• Free Zone: On the other hand, companies operating within free zones are typically limited to conducting business activities within the specific free zone jurisdiction. Each free zone is designed to cater to certain industries or sectors, which means that the scope of business may be more specialised and focused compared to the broader reach of mainland companies. While this specialisation can be advantageous for companies operating within their niche, it may pose limitations when it comes to diversifying into different markets or sectors outside the free zone. However, it’s worth noting that some free zones offer specific advantages and attract businesses within their targeted sectors, creating a vibrant ecosystem for industry-specific collaborations and networking.

2. Office Space:

  • Mainland: Establishing a company on the mainland comes with a mandatory minimum office space requirement. Companies are typically required to have a physical office space of at least 140 sq. ft. This ensures that businesses have a designated space for their operations and activities. The physical office space provides a professional setting for conducting business, hosting meetings, and accommodating employees. It demonstrates the commitment of the company to establish a physical presence in the local market and allows for a more traditional office setup.
  • Free Zone: In contrast, free zones offer more flexibility when it comes to office space requirements. Virtual offices are allowed in many free zones, eliminating the need for a physical office space. A virtual office provides businesses with a professional business address, telephone services, and mail handling, without the necessity of maintaining a physical office space. This option is particularly beneficial for businesses that do not require a physical presence or have remote operations. It allows for cost savings on office space rent, utilities, and maintenance, while still maintaining a professional image and meeting the necessary legal requirements.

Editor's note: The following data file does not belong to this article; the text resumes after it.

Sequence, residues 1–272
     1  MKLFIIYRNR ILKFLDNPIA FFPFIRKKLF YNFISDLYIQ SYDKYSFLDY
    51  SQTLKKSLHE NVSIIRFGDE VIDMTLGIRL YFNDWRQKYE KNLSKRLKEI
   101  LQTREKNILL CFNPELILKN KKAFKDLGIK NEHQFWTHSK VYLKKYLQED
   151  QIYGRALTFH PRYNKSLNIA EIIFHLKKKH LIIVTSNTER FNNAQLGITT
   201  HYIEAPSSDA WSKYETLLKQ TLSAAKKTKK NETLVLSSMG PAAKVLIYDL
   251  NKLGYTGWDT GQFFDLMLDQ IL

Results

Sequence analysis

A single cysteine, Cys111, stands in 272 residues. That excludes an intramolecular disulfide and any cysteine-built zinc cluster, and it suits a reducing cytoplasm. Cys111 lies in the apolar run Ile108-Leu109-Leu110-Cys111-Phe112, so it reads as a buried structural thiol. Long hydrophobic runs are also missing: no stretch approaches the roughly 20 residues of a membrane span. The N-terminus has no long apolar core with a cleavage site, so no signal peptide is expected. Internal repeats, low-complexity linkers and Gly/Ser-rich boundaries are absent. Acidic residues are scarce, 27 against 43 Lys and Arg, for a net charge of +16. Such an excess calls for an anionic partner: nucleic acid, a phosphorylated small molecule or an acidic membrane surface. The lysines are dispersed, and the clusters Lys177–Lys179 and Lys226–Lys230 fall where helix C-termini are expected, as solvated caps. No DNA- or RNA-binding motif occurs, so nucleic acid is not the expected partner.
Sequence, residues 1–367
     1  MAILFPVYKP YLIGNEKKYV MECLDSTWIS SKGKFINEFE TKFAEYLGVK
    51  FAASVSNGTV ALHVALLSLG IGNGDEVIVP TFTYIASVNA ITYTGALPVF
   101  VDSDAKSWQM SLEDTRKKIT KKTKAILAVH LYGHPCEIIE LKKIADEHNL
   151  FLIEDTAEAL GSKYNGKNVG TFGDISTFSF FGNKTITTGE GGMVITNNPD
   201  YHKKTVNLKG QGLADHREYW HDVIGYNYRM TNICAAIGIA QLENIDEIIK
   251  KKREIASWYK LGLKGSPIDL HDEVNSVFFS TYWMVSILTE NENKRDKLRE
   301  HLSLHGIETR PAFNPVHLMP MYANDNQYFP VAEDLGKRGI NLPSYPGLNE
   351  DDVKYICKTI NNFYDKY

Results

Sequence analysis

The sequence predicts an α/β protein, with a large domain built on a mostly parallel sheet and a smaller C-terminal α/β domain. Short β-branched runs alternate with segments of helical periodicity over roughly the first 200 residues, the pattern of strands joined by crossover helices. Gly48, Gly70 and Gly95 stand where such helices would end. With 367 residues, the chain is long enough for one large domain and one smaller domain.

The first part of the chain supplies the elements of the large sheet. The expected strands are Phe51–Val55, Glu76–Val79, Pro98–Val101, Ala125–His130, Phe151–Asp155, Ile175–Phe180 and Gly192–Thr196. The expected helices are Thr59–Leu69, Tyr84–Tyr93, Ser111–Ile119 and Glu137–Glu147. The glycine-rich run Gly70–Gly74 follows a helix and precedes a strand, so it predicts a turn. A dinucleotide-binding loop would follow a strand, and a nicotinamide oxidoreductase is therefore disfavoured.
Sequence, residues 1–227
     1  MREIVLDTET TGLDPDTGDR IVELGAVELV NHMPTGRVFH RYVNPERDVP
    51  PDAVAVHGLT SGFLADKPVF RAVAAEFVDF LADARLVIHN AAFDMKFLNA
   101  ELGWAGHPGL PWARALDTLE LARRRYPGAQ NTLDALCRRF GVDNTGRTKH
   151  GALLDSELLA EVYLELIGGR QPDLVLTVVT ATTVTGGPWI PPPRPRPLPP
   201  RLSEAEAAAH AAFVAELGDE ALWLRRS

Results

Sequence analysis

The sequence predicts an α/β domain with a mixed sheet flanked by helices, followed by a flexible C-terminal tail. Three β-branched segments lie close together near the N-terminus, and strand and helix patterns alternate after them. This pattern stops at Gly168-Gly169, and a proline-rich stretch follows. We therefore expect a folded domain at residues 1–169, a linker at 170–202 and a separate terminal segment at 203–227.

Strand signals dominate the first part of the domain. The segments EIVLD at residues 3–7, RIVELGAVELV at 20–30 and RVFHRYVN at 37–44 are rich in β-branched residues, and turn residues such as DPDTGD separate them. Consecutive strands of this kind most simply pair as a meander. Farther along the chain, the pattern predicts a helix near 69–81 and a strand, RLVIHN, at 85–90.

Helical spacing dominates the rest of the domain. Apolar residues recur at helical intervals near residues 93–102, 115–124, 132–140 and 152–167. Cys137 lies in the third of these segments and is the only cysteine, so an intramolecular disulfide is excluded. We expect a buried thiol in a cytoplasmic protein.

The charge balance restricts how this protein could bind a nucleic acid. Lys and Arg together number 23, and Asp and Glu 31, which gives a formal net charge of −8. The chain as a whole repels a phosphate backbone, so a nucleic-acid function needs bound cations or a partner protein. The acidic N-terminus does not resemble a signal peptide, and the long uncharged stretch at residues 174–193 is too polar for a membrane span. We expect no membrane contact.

3. Visa Permits:

  • Mainland: For mainland companies, the number of visa permits that can be applied for is based on the available physical workspace. As the company expands and requires more employees, it can acquire additional physical office space to accommodate the growing workforce. This allows for flexibility in obtaining the required number of visas to meet the staffing needs of the business. However, it’s important to note that there may be certain restrictions or limitations on the maximum number of permits that can be obtained, depending on factors such as the size of the office space and the nature of the business.
  • Free Zone: In the case of free zone companies, the number of visa permits available is limited. Each free zone has its own regulations and guidelines regarding visa allocation. Generally, there is a maximum limit on the number of permits that can be applied for, and once this limit is reached, further visa applications may become subject to restrictions. To apply for additional visas, free zone companies are required to acquire more physical workspace within the free zone. This means that expanding the workforce in a free zone company is directly linked to the availability of physical office space. It’s important for businesses to consider this limitation when planning for future growth and staffing requirements.

4. Taxation Laws:

  • Mainland: Corporate tax of 9% applies to profits exceeding the defined threshold, while VAT stands at 5%.
  • Free Zone: Free zone companies are typically exempt from corporate tax, VAT, and import/export duties, provided they comply with the relevant regulations and do not conduct business with mainland UAE (subject to potential changes from June 2023).

5. Number of Partners: